Yeah. They asked me to do it to troubleshoot The “calls on other devices“ feature once. On a 1 month old Macbook. It was the second step in troubleshooting. I asked them to justify their reasoning. They had no answer, other than “sometimes it helps”…which isn’t an answer, it’s a completely blind guess. Especially since I had the problem on three separate Macs. So I said “no”. :slight_smile:

On a related note, lately I’ve been been noticing that support places pretty much zero value on your time or inconvenience caused.

For example, signing out of iCloud on all your devices. Sure, it’s not a super-complicated procedure, but it’s time consuming and sometimes requires you to do some significant setup again afterward. It’d be one thing if it was a one-time thing when you got a new device or something, but if it solves a problem they don’t seem to care that you have to do it over and over again every couple of weeks. In a case like that, it’s very clearly not actually the solution to the problem - it’s a band-aid that’s covering for something else that’s going wrong.

And regarding nuke & pave, if I had backed up my MacBook and restored after a nuke & pave, 99% of the time I would expect that to bring back the problematic configuration that was causing the issue in the first place. So they’re not just asking me to do a reinstall, but they’d be effectively asking me to do a full, manual reinstall of all my stuff.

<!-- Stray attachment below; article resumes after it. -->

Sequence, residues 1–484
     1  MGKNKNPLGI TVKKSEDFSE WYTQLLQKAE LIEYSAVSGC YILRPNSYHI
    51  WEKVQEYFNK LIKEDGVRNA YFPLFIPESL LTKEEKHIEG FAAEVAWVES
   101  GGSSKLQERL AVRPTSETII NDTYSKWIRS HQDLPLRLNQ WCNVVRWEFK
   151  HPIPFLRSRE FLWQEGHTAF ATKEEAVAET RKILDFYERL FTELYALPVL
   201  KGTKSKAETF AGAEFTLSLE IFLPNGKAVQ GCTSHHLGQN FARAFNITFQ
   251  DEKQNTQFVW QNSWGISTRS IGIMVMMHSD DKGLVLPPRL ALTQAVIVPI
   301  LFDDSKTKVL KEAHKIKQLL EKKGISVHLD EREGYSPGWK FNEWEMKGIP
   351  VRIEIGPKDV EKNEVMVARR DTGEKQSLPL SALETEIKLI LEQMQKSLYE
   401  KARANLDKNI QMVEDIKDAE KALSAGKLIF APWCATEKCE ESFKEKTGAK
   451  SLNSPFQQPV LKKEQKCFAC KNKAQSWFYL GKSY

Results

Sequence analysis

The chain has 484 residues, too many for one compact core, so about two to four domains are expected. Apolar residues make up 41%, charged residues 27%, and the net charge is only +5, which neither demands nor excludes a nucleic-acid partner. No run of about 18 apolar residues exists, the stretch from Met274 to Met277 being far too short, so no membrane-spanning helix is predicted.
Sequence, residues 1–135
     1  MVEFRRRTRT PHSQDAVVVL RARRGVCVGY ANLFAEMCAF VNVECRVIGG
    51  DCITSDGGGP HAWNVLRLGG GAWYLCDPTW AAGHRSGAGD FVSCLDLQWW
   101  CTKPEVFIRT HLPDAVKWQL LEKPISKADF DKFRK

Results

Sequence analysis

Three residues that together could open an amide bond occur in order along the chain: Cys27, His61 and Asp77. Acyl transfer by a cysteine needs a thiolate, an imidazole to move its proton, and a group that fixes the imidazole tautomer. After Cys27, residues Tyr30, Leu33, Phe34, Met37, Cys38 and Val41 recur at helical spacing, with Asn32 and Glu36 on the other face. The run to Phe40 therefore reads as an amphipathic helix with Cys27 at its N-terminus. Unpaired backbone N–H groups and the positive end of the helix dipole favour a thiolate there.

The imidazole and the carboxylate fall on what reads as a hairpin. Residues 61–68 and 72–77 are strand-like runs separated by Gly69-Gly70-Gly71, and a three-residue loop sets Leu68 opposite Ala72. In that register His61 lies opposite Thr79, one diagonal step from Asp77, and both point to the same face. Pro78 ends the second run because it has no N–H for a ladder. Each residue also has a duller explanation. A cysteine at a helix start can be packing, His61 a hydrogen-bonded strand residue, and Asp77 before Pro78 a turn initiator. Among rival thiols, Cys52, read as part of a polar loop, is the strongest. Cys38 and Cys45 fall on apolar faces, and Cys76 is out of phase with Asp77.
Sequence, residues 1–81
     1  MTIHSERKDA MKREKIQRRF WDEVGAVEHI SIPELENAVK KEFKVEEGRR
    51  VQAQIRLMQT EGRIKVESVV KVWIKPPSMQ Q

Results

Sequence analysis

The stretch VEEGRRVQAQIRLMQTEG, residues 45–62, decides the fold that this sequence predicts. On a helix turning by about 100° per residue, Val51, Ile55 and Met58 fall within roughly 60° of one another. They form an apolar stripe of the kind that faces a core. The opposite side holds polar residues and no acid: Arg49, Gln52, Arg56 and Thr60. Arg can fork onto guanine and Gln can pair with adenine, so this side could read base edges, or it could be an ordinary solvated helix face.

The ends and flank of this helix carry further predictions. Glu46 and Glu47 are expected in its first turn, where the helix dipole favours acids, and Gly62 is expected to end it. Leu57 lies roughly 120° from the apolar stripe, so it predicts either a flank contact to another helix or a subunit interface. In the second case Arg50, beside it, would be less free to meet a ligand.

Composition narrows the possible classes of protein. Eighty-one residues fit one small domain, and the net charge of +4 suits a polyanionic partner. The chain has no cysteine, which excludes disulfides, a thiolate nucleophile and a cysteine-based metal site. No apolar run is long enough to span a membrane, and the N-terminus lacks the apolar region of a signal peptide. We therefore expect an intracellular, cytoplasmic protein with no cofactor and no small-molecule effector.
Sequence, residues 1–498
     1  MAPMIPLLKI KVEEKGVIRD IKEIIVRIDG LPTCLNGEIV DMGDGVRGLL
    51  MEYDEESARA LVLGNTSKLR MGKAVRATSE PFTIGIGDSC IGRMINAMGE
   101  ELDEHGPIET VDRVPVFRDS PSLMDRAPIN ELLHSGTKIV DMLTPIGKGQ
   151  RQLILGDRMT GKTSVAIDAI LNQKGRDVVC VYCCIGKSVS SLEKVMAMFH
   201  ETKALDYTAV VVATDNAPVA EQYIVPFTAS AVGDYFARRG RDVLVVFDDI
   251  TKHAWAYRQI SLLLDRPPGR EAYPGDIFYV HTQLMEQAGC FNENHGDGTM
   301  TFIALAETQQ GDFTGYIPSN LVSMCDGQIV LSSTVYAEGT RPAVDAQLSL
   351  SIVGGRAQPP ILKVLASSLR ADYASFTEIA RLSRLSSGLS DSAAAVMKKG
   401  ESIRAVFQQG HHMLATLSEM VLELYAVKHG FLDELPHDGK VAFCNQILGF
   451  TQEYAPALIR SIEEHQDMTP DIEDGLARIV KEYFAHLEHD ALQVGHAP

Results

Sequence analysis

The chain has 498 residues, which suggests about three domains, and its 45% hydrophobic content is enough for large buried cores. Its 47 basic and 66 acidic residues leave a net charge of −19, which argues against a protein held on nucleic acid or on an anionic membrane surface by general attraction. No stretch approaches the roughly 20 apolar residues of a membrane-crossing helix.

Which is, quite frankly, a positively asinine expectation as a blind troubleshooting step.

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In their defense it is really hard to find, train, and keep good support people. But I would think if anyone could do it, Apple could. :slightly_smiling_face:

That’s a fair statement. The problem is, these are “troubleshooting steps” - not guaranteed solutions. And nowhere in the knowledge base does it let them know a “method of action” for why the reinstall would fix the problem, because if they knew there would likely be a less-drastic solution. In the case above, they told him to nuke & pave while crossing their fingers and hoping it might change something that would fix the problem.

And if a nuke & pave would be a guaranteed, permanent solution to a problem, I’d see it as a hassle but a justifiable one.

But telling somebody to do a complete OS + application reinstall can be a multi-day process. And in my case I mentioned above, we eventually solved the problem by rebooting my wi-fi routers. “Nuke and pave” was BEFORE THAT in their troubleshooting hierarchy, apparently.

That’s where I fault Apple. If you can’t find enough good techs to staff the phone banks, I get it. Really, I do. But these less-than-fully-competent techs are clearly just using some sort of “expert system” or knowledgebase that’s walking them through things, and it should be possible for a company the size of Apple to design that in such a way that steps that take 5 minutes like “reboot your wi-fi” come before a potentially multi-day process like “nuke & pave”. :slight_smile:

Agree with everything you say. In the best case scenario, nuke and pave just restores a machine to factory-fresh settings. The “battery-draining” Mac under discussion just came factory fresh from Apple not long ago!

Even the misbegotten Microsoft Windows registry never got screwed up and needed a refresh this soon! :slightly_smiling_face: